Community
cancel
Showing results for 
Search instead for 
Did you mean: 
idata
Community Manager
2,063 Views

Intel Gen2 RST trim support + 144gb/128gb partitioned for performance increase

http://cafe.naver.com/intelssd.cafe

The link above is for semi-official intel ssd online community in Korea, it is managed by a korean worker in Intel Company Korea.

This guy had a meeting with an engineer from Intel USA.

during the presentation, he saw that a table confirming that

when 160Gb G2 is partioned as 160gb/144gb/128gb for usable space and leaving the rest unpartitioned,

there was performance gain in 4k: 15/42/53, I personally assume that this is for 4k read.

and the engineer also mentioned that RST 9.6 or above supports trim.

I will update this thread once i confirm on these things with him.

0 Kudos
14 Replies
DZand
Valued Contributor I
124 Views

2. @ vavabavava:

Thanks for your informations regarding the influence of different partition procedures on the performance of Intel 160 GB Postville SSD's.

I cannot confirm these findings.

Here are the benchmark results with my Win7 x64 system (Intel 160 GB Postville SSD connected to an Intel ICH10R SATA AHCI Controller running Intel RST driver v9.5.7.1002):

1. SSD 100% partitioned (no free = unpartitioned space available):

2. SSD 80% partitioned (32 GB free = unpartitioned space available):

Regards

Fernando

idata
Community Manager
124 Views

I think he was talking about endurance.

Acording to the bellow pdf, endurance is the total amount of random host data which can be writen within the life of the drive.

X-25M with a:

160GB capacity has 15TB of random write lifetime (370TB sequencial write lifetime)

144GB capacity has 42TB of random write lifetime (370TB sequencial write lifetime)

128GB capacity has 53TB of random write lifetime (370TB sequencial write lifetime)

Monitoring write usage and endurance:

Read about it here:

http://maltiel-consulting.com/Enterprise_Data_Integrity_Increasing_Endurance.pdf http://maltiel-consulting.com/Enterprise_Data_Integrity_Increasing_Endurance.pdf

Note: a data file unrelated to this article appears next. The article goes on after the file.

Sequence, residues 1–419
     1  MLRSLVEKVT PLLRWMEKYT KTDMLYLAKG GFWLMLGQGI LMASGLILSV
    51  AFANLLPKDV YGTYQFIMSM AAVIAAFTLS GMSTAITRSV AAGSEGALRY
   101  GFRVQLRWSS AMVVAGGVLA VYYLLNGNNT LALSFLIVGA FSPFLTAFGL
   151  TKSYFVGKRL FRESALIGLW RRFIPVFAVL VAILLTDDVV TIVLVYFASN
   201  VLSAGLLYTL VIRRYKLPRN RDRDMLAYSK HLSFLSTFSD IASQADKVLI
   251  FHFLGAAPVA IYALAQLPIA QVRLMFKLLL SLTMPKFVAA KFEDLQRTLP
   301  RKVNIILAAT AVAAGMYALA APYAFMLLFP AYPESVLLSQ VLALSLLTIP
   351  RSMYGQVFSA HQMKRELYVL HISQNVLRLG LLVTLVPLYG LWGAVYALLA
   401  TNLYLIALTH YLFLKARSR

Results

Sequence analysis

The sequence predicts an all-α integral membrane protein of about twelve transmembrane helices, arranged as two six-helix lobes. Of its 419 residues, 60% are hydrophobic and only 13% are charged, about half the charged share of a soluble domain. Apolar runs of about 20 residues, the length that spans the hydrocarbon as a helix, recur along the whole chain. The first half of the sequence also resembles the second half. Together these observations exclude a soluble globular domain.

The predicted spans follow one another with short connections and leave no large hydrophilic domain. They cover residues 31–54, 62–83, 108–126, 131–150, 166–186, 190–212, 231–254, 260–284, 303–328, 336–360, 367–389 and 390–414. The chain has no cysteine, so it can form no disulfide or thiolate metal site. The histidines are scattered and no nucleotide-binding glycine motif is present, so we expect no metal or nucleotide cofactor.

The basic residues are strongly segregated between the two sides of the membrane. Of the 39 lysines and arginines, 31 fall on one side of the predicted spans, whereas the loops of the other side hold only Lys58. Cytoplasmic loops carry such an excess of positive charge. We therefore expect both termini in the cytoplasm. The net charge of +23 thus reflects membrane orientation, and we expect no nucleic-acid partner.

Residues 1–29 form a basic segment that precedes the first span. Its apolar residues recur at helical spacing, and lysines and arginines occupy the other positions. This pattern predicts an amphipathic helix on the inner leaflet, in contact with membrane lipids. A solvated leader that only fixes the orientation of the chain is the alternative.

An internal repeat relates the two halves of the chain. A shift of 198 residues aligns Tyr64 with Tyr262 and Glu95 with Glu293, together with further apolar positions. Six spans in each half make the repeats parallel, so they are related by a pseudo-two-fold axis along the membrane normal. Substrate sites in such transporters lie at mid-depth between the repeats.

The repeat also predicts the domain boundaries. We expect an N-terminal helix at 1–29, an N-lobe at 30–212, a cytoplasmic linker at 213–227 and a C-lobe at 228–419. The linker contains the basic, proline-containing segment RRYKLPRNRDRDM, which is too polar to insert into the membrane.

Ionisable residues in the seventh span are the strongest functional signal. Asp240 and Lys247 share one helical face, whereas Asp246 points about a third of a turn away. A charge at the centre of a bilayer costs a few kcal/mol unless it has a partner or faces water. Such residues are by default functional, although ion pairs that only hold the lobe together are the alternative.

idata
Community Manager
124 Views

My X-25M G2 160GB (4,5 months old)

Host Writes (E1): 2,27TB

Media Wearout indicator (E9): 0

Maybe I'll increase it's endurance...

idata
Community Manager
124 Views

I have a new 160gb g2 drive. Increasing endurance for random writes to 42tb vs 15tb sounds nice.

The linked pdf explains the benefits well (PAGE 11 from document):

- Native 160GB capacity reduced by 16 GB

- 42 TB endurance capability - increases from 15 TB to 27 TB - 2.8x improvement

Great. I assume while using this drive as a boot drive, this trick will make it last a lot longer (2.8x unless sequential writes wears it out first)...

So the final question is exactly how to do it properly.

PAGE 10 of the document states:

Adjust Intel SSD spare area by limiting drive capacity

- ATA8-ACS Host Protected Area feature set is used (SET MAX ADDRESS)

- Use ATA8-ACS SECURITY ERASE UNIT prior to limiting capacity

- Setting partition to smaller size after erase is an option (less robust)

I know how to set the partition size smaller but what steps are needed for the ATA8-ACS features to be implemented.

I'm assuming there's a program one uses to secure erase the drive but what does "SET MAX ADDRESS" mean??

Sharing any knowledge of how to do this and any links to necessary programs would be extremely helpful.

Thanks.

P.S. Looking forward to TRIM supported 9.6.x drivers as well. Hopefully this means TRIM support with an Intel SSD single drive and a hard drive RAID on the same Intel controller set to RAID mode.

I assume Raided SSDs will still lack trim support - which I don't need ... yet.

idata
Community Manager
124 Views

Raidman wrote:

So the final question is exactly how to do it properly.

I know how to set the partition size smaller but what steps are needed for the ATA8-ACS features to be implemented.

I'm assuming there's a program one uses to secure erase the drive but what does "SET MAX ADDRESS" mean??

Sharing any knowledge of how to do this and any links to necessary programs would be extremely helpful.

Same questions here...